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Asides March-April 2014

(No.2, Vol.4, Mar-April 2014 Vietnam Heritage Magazine)

Japanese wanderer has yen for
Vietnam
vietnamnews.vn, 13 February
As a teenager, Kiyotaka Yamaoka, who is now 34, dreamt he would visit all the provinces and cities in Vietnam. At the time, the Japanese teen could only learn about Vietnam through books, newspapers, and magazines.
Yamaoka made his first visit to the country four years ago and has since visited 63 provinces in 11 separate trips.
Riding a motorbike for over nine months in Vietnam, Kiyo narrowly escaped death several times.

Beach blues
Thanh Nien, 7 February
‘The biggest mistake in tourism planning for Binh Thuan Province is that the sea view is blocked. Even local people have lost access to the beach’, Nguyen Huu Quy, former director of the province’s agriculture and rural development department is quoted as saying. Thanh Nien says many hospitality projects in Binh Thuan build fences denying local people’s access to beaches.

Did you know?
Thanh Nien, 11 February
Van Hanh Monastery in Dalat is home to thousands of antiques. The antiques displayed at the monastery include Buddhist artefacts, agricultural tools and antiques of the Central Highlands people.

The heart of Vietnam
vietnamnews.vn, 28 February
The US-based National Geographic Traveller Magazine awarded Phu Quoc Island third place, after Paris and Whitefish (in the US), in the list of 15 editor-recommended destinations for Best Winter Trips 2014.
The magazine said some of Vietnam's best beaches are on heart-shaped Phu Quoc Island.
‘What's bringing international travellers so far is the restrained development on Phu Quoc, its warm, turquoise waters, secluded, deep sand beaches, and lush, mountainous interior.’ It suggested tourists visit the island in dry season from December to March.

Top destination for
sweethearts
www.emeraude-cruises.com
Halong Bay is ranked among the top ten Valentine's Day Retreats by the National Geographic book, ‘Four Seasons of Travel.’ The book says ‘Containing more than 1,600 islands, Halong Bay is a vision of astonishing beauty. Book an overnight cruise to watch the islands’ limestone pillars, caves, and arches become steeped in rich oranges and purples at sunset and veiled in an ethereal morning mist at sunrise.’

Flappy Bird gone forever
www.forbes.com, 11 February
The mysterious developer of the world’s most popular free app, who drew global attention in February with his sudden decision to remove it, tells Forbes that Flappy Bird is dead. Permanently.
‘Flappy Bird was designed to play in a few minutes when you are relaxed,’ says 29-year-old Dong Nguyen. ‘But it happened to become an addictive product. I think it has become a problem. To solve that problem, it’s best to take down Flappy Bird. It’s gone forever.’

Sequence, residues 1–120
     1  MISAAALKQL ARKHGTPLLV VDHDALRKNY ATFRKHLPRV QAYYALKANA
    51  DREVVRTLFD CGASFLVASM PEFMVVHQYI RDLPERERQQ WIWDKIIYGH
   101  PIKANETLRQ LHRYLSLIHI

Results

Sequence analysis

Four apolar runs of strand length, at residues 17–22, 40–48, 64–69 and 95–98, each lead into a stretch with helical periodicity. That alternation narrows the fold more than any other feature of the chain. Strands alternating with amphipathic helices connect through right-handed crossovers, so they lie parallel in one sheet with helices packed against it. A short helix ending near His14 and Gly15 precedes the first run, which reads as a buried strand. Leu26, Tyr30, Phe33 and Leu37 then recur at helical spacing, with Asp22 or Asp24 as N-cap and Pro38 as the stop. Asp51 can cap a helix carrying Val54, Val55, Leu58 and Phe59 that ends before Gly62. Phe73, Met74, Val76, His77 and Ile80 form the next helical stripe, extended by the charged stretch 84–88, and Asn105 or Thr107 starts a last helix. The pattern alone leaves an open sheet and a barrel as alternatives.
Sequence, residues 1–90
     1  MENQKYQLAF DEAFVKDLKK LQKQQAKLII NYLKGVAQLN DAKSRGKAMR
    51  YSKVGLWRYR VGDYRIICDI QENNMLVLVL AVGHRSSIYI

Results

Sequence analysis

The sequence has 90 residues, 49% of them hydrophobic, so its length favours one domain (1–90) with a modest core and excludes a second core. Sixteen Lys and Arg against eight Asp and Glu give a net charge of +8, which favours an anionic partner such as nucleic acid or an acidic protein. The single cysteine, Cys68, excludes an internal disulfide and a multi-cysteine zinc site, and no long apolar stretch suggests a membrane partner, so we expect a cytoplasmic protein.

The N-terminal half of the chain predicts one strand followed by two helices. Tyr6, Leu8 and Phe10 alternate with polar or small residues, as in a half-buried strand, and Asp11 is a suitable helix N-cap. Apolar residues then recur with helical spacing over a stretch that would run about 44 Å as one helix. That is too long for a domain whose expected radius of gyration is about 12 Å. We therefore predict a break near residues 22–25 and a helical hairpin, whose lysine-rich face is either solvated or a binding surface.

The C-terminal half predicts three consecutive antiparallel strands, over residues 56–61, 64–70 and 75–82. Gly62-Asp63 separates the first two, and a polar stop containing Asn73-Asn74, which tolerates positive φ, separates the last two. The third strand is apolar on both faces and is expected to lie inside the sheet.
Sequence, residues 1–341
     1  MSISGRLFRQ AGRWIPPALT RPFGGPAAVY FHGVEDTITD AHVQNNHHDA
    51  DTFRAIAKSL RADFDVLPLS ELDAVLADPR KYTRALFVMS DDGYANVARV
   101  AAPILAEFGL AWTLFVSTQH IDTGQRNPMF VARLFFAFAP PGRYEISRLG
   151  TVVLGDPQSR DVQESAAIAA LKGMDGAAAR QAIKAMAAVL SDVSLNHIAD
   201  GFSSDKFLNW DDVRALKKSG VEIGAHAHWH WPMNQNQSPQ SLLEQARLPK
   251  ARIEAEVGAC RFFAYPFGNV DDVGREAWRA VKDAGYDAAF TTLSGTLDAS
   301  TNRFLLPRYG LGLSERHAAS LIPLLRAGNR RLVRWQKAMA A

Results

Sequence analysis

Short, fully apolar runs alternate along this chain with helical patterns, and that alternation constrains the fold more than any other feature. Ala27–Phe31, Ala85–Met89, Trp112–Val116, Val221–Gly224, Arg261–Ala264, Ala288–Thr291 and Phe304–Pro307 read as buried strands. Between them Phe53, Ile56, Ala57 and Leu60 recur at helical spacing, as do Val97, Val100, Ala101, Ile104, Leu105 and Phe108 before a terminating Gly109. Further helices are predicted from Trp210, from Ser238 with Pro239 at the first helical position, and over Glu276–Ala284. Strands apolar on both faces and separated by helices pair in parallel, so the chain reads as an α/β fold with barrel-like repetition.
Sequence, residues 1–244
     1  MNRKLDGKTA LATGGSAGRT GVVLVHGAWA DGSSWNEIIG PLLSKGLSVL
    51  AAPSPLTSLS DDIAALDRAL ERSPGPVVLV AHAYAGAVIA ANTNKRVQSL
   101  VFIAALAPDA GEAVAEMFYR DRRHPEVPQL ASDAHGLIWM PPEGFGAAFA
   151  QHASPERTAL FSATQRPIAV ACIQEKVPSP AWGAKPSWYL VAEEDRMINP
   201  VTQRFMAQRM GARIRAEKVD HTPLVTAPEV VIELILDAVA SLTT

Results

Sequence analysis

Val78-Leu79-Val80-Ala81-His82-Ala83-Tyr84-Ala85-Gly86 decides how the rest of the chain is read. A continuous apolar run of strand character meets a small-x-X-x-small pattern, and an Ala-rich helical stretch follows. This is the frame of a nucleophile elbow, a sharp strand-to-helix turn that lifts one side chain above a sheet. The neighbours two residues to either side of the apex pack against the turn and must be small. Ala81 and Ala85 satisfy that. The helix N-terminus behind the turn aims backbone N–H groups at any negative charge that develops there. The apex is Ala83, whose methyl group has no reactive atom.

Flappy Bird was released for free in May.
It’s estimated his daily take from in-app advertising was $50,000.
Nguyen has several other top app store games, including Super Ball Juggling and Shuriken Block, which are currently #6 and #18 on the iOS store. Nguyen says he will continue to develop games.


A good guide to Vietnam's contemporary art scene
By Ritch Pickens



At last, there is a book, in reasonably well-translated English, which gives an overview of what has been happening in the art scene since market-oriented reform was introduced in late 1980s and the hastening of the ‘technology revolution.’ The authors are two experienced researchers and art critics from the Fine Arts Research Institute of the Vietnam University of Fine Arts. It covers the heady years in the local art scene from 1990 to 2010. It is useful for art experts, professionals, and investors and to those with a general interest in the subject as well. The book starts by discussing what contemporary art is, and then covers installation art, body art, performance art, collage, video art and graffiti, as well as less controversial forms such as painting and print work. It then gives an essay on what contemporary artists are setting out to achieve, a few typically Vietnamese characteristics of their work and discusses its relationship to society in general. Finally, a good two-thirds of this book is devoted to information about and illustrations of the work of twenty-seven artists who are ‘brimming with the desire to break through’.
‘Vietnamese Contemporary 1990 to 2010’, authors: Bui Nhu Huong, and Pham Trung, is published by Knowledge Publishing House. Price: 450,000 dongs.

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